Faye Greaves’ report found that the vast majority of councils and housing associations believe government welfare policy is hitting their efforts to tackle homelessness.

The research by the CIH and the University of Sheffield reveals 84 per cent of the 106 councils and 70 per cent of the 50 housing associations (which run 39 per cent of the total housing association stock in England) surveyed think welfare policies like the lower benefit cap are impacting negatively on their work together to tackle homelessness.

Nearly half of the housing associations surveyed during the research said households being unable to pay their rent due to limited welfare assistance was one of the main reasons they had to refuse a nomination.

Terrie Alafat, the chief executive of the Chartered Institute of Housing, added: “This research shows that welfare policy is seriously undermining the work that councils and housing associations can do to reduce homelessness.

“The government has stated its commitment to tackle homelessness and the Homelessness Reduction Act, which comes into effect next year, represents significant progress. But it is also clear that welfare policy is directly undermining that effort.”

She said: “We know from experience that tackling homelessness is possible but it requires a commitment from all government departments. If the government is serious about tackling our homelessness crisis it must urgently consider how it can create a policy framework which supports, and not undermines, what councils and housing associations can achieve together to tackle this huge problem.”

Click here to read the report (PDF 1.01MB)

Going further back: Earlier action on multiple needs to prevent homelessness

Sam Thomas, policy manager for the Making Every Adult Matter coalition (Clinks, Homeless Link and Mind), led research that found there are opportunities to act earlier to support people with the multiple needs that accompany homelessness.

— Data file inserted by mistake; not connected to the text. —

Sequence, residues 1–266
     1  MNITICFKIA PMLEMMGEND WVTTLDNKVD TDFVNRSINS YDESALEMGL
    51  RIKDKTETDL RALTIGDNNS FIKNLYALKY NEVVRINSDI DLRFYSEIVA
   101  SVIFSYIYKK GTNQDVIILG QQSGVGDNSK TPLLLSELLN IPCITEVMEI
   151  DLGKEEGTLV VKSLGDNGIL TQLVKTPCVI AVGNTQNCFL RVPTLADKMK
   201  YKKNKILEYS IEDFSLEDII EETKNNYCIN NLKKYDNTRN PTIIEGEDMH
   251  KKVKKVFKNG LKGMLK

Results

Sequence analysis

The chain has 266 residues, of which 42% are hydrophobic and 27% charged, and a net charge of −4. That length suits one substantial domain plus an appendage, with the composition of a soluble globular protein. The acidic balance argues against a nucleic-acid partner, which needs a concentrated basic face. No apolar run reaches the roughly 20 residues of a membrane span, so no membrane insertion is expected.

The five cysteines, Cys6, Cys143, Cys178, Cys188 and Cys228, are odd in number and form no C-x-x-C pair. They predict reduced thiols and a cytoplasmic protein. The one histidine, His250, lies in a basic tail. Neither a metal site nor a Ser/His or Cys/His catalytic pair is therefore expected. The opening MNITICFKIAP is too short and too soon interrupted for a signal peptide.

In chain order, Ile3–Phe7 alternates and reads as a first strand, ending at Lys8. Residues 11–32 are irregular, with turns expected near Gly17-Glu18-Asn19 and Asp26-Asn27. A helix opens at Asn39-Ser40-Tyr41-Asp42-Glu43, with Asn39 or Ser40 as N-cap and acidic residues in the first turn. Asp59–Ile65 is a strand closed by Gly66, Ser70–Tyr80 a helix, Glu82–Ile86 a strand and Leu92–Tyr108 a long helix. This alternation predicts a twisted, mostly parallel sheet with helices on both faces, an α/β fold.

The report was produced with a team of academics and peer researchers from West Yorkshire Finding Independence, who have personal experience of the issues. It argues that services should be designed to respond sensitively to trauma; commissioning should reflect the importance of trusting relationships; and that government and local areas should invest in co-ordinated preventative support.

Professor John Flint, Professor of Town and Regional Planning at the University of Sheffield, who was involved in the report, said: "While it is well established that there is a need for earlier, and joined up, interventions to support individuals with multiple needs and prevent homelessness, this research has tried to explore the barriers to such holistic and earlier interventions and how these may be overcome.

“Working with Sam Thomas and a range of other practitioners at the Making Every Adult Matter coalition, Homeless Link and West Yorkshire Finding Independence has definitely strengthened the research and, hopefully, its findings will provide the direct benefit to policy and practice that the Crook Public Service Fellowships were established to achieve."

Click here to read the report (PDF 740KB)

Additional information

The Crook Public Service Fellowships

The Crook Public Service Fellowships, at the University of Sheffield, provide the opportunity for future leaders, in public and not-for-profit sectors, to take short periods away from their day job and immerse themselves in a collaborative project with academic colleagues, in the faculty of Social Sciences, on a pressing policy issue or challenge.

Professor Tony Crook is an Emeritus Professor at the University of Sheffield and donor for the Fellowship scheme. He served as Pro-Vice Chancellor for a decade until 2008 and was awarded a CBE in 2014 for his service to housing. Professor Crook has been Chair of Shelter and Sheffield Homes and has also held senior roles with Orbit Housing Group and the Coalfields Regeneration Trust. He serves on the RTPI Board and on the national council of the Academy of Social Sciences. The scheme has been established and named in recognition of Professor Crook’s commitment to public service and to reflect his support for the Fellowships.

The new cohort of Crook Fellows are:

Isabelle Trowler, Chief Social Worker for England (Children & Families), Department for Education
Sara Gowen, Managing Director, Sheffield Young Carers
Sumi Rabindrakumar, Research Officer, Gingerbread
Alice Field, Residential Manager, Young Futures